What the Fed says: Chairwoman Janet Yellen and other officials oppose the measure, warning it could subject the Fed to political pressure on monetary policy.
The FORM Act
What it is: A main feature of the Fed Oversight Reform and Modernization Act is the so-called Taylor Rule requirement, which would require Fed officials to establish a mathematical formula to guide their interest-rate decisions, and require them to report to Congress if they deviate from the rule. The bill also would allow the GAO to audit the Fed's policy decisions; widen membership of the Fed's rate-setting committee; require the Fed leader to testify four times each year, instead of two; and place new restrictions on the Fed's emergency lending powers; in addition to other provisions related to regulatory policy.
Who supports it: The measure was introduced in the last Congress by Rep. Bill Huizenga (R., Mich.), the former chairman of the House monetary policy subcommittee, and had 20 Republican co-sponsors.
Where it stands: The bill passed the House 241-185 on a party-line vote in the last Congress, but the Senate never voted on it. Rep. Jeb Hensarling (R., Texas), the chairman of the House Financial Services Committee, has said advancing the bill in the current Congress would be a priority.
What the Fed says: Fed officials oppose it. "I believe, and I think most of my colleagues would agree, that we shouldn't mechanically follow that rule or any other rule but that we need to take into account how the economy is performing," Ms. Yellen toldthe House panel in February.
Financial Choice Act
What it is: In addition to the changes that would be required under the FORM Act, the bill would require the Fed's spending on activities unrelated to monetary policy to go through the congressional appropriations process; require the Fed to report to Congress on any negotiations or setting of financial standards with international regulators; and establish a "centennial commission" to study the long-term effects of Fed policy on the economy, and make recommendations to Congress for possible changes to Fed operations, transparency or governance.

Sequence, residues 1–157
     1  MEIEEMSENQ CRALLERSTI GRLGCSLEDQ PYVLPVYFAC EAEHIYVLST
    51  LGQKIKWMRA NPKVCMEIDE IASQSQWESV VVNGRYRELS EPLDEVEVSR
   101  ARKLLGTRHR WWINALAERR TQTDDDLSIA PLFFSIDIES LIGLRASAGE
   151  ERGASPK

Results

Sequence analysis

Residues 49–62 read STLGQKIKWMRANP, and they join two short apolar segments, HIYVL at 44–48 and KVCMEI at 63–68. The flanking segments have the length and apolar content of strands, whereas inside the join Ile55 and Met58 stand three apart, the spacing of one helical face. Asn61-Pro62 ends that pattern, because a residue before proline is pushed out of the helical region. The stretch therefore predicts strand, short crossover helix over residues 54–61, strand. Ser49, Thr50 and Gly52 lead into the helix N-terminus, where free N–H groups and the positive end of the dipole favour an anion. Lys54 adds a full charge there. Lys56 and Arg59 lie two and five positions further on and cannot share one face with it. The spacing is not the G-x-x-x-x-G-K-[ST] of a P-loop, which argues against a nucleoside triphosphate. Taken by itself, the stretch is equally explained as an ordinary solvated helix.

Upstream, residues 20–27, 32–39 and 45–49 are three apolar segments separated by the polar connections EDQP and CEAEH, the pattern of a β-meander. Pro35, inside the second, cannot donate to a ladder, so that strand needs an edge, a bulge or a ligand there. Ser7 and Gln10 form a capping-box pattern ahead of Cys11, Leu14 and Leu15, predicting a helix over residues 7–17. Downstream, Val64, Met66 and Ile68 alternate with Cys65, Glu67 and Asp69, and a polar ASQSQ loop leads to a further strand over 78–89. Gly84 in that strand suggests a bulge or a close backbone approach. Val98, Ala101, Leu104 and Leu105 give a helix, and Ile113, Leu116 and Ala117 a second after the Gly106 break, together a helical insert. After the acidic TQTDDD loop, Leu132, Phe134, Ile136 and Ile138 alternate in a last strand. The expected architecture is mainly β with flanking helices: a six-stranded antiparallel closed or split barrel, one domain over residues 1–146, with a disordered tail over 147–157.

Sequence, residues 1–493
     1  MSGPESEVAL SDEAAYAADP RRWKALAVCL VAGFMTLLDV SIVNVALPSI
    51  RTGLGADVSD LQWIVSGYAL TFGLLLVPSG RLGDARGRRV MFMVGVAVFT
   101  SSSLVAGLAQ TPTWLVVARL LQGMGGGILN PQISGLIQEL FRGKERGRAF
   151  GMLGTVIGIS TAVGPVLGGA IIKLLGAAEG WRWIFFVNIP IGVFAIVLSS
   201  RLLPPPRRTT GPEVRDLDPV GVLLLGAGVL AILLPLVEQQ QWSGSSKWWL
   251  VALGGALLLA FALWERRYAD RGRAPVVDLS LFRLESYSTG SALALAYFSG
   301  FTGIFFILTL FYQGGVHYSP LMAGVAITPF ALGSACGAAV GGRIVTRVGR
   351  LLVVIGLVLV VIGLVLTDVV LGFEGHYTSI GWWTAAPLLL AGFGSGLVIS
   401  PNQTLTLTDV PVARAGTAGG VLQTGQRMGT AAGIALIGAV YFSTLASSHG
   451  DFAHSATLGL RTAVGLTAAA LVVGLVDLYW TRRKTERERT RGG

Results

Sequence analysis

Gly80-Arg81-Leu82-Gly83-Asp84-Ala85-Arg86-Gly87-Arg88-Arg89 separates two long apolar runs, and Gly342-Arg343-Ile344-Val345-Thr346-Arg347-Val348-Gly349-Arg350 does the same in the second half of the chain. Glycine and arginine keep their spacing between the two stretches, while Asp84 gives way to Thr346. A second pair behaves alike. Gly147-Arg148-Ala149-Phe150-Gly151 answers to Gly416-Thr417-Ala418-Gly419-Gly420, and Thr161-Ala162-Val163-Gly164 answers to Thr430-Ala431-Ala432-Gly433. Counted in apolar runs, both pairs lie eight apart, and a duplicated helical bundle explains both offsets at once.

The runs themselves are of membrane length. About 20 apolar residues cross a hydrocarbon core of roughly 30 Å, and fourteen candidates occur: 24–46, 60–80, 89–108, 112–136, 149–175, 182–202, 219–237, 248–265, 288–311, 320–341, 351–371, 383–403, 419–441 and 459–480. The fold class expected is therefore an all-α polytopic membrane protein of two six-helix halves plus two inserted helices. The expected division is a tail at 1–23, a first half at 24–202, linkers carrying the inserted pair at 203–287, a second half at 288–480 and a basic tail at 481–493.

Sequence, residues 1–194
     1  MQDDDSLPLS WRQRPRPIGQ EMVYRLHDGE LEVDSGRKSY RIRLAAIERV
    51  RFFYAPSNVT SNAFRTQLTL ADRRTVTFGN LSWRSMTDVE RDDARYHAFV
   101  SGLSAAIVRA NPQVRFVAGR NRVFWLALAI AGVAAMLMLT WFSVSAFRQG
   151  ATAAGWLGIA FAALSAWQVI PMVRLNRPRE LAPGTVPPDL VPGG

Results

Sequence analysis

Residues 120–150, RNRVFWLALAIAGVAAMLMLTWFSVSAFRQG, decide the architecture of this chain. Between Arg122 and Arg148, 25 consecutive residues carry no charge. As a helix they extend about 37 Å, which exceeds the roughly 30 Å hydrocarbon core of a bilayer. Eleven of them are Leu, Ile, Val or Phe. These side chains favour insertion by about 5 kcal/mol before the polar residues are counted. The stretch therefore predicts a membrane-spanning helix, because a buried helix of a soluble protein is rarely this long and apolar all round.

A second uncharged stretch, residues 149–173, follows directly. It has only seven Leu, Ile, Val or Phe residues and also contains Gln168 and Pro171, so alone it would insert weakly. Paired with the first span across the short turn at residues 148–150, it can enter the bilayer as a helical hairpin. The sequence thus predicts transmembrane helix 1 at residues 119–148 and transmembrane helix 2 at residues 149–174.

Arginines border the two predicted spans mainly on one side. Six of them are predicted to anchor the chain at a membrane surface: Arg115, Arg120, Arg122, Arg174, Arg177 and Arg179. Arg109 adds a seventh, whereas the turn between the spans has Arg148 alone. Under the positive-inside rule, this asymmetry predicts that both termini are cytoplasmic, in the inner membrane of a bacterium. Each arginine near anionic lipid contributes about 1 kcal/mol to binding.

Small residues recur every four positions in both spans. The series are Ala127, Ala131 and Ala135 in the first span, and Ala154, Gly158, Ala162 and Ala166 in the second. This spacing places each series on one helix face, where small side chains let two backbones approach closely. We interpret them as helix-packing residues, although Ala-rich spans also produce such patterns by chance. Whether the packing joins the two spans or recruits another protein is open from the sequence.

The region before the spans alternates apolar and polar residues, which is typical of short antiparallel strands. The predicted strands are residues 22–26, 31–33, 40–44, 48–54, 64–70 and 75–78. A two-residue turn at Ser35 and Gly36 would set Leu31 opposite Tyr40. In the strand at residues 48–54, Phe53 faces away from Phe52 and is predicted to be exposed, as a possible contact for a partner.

Who supports it: Mr. Hensarling introduced the bill in the last Congress.
Where it stands: The House Financial Services Committee approved it, but it never made it to the House floor for a vote last year. It hasn't been reintroduced.
What the Fed says: Because the Fed provisions of this bill are nearly identical to the FORMAct, the Fed has many of the same reservations.
Bailout Prevention Act
What it is: The measure would significantly curtail the Fed's powers to lend to financial firms in an emergency. The 2010 Dodd-Frank law put some restrictions in place, but lawmakers on both sides of the aisle aren't satisfied the Fed has taken the necessary steps to implement those restrictions.
Who supports it: This measure has bipartisan support. Sen. Elizabeth Warren (D., Mass.), one of the Fed's most high-profile critics, introduced a version of the bill in the Senate, and a similar measure was introduced in the House. Republicans and Democrats, including Ms. Warren, signed letters calling on the Fed to toughen up its own rules for lending to banks in an emergency.
Where it stands: Lawmakers haven't held hearings on either bill -- the first step in the process -- but a similar provision was included in the Financial Choice Act, suggesting Republicans are interested in tackling this issue in some way. The measures haven't been reintroduced yet.
What the Fed says: Fed officials oppose it. Fed governor Jerome Powell said in February 2015 that "further restricting or eliminating the Fed's emergency lending authority will not prevent future crises, but it will hinder the Fed's ability to limit the harm from those crises for families and businesses."
Fed Capital Stock
What is it: The measure would require the Fed to pay back billions of dollars in capital that banks paid to be members of the Fed system. The bill was introduced in 2015 after Congress voted to lower the dividend the Fed pays banks on that capital to help pay for federal highway programs.
Who supports it: Former Republican Rep. Randy Neugebauer introduced the measure, which has strong backing from the banking industry, but it isn't clear whether it has any support in the Senate or who may reintroduce it inthe House.
Where it stands: Mr. Neugebauer tried to convince his House colleagues to include the provision in a year-end spending bill in 2015, but it was ultimately left out. He introduced it as a stand-alone bill last year, but it was never taken up by the House Financial Services Committee.
What the Fed says: Fed officials have expressed a variety of concerns about the proposal.
Write to Kate Davidson at email@example.com
(END) Dow Jones Newswires
February 01, 2017 12:15 ET (17:15 GMT)